Replayability is a must for We Should Talk as there are nine endings total accessible to players. The short play time that accompanies the game makes it easier to achieve these endings; however, it is not a guarantee you will get different endings each time you play. Since the game is so short, it isn’t hard to find yourself stumbling onto two or three of the same endings over and over again. Players might find themself frustrated after a few runs and dropping the game for some time. Although, a few days away can result in forgetting the specific combinations someone has already tried, forcing players back into the repetitive cycle of getting the same few endings.
Another aspect that doesn’t help is the clunky pillars of conversation that the game clings to. No matter how different your responses are, Sam will inevitably ask you to go to the gym with her, or try to tell you about her day, even if the player responses are indifferent or outright mean. The changes between playthroughs are not as immense as one might think, meaning replays can get somewhat monotonous while trying to achieve those last few endings.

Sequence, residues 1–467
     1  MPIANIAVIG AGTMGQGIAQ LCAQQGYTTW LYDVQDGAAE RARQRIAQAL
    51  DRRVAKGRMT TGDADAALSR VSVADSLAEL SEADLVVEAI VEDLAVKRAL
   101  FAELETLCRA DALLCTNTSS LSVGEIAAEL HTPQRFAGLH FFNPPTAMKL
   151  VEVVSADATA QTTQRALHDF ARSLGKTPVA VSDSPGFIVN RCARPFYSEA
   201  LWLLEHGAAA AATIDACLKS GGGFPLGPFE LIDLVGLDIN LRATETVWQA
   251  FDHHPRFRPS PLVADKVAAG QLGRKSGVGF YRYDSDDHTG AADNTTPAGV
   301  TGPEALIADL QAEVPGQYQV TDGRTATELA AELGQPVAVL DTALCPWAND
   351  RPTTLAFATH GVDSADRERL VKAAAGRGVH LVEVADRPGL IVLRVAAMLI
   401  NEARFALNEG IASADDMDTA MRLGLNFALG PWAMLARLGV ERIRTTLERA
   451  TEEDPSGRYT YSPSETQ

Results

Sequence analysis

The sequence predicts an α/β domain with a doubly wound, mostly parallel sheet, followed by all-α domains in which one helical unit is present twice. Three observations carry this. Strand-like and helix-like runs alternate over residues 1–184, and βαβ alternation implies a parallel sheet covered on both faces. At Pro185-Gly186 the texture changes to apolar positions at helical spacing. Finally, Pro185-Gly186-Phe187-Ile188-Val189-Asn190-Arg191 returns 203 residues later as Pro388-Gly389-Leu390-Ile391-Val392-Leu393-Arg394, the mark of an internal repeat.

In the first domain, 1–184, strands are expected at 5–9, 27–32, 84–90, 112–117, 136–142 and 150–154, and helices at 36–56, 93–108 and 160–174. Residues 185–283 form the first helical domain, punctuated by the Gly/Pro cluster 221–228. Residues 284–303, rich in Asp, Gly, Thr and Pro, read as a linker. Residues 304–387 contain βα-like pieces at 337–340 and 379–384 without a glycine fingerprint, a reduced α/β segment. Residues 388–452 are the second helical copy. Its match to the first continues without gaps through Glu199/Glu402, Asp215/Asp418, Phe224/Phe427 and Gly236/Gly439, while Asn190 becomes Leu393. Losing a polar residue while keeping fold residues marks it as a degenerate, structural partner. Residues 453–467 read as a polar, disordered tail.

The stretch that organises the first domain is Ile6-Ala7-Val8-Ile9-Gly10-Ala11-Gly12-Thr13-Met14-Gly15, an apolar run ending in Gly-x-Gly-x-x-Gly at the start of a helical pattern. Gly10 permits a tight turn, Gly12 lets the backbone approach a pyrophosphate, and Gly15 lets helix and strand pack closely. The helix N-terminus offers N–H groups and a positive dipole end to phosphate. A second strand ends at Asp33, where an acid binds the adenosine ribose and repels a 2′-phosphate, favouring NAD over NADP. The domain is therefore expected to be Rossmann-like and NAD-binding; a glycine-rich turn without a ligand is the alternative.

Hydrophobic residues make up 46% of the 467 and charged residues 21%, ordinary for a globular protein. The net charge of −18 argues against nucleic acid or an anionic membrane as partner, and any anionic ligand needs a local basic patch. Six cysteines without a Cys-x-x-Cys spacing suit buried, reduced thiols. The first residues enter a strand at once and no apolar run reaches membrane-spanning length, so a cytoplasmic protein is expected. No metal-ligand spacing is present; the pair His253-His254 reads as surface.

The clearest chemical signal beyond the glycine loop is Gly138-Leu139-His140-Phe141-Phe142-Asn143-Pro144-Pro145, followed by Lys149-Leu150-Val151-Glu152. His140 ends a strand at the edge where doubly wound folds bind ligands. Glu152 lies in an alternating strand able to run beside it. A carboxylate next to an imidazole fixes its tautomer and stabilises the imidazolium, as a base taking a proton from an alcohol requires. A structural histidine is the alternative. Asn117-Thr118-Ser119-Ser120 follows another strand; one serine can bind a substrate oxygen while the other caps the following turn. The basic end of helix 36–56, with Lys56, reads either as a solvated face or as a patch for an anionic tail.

Although We Should Talk has an interesting gameplay mechanic and creates a good atmosphere, at the end of the day the need to replay multiple times to see the variety of different endings really harms the overall flow of the story. Players with a short attention span or who don’t like repetitive dialogue should steer clear of this game. At least some of the endings will require you to pick the “bad” dialogue options to see every ending in the game, so players who dislike being mean should also skip this one. However, if you have always been fascinated by the endless possibilities of conversations or the nuances of dialogue, and have hours to sit and go through endless dialogue options mixing and matching until you get the right options, this would be a great game for you.
Final Rating: 5/10.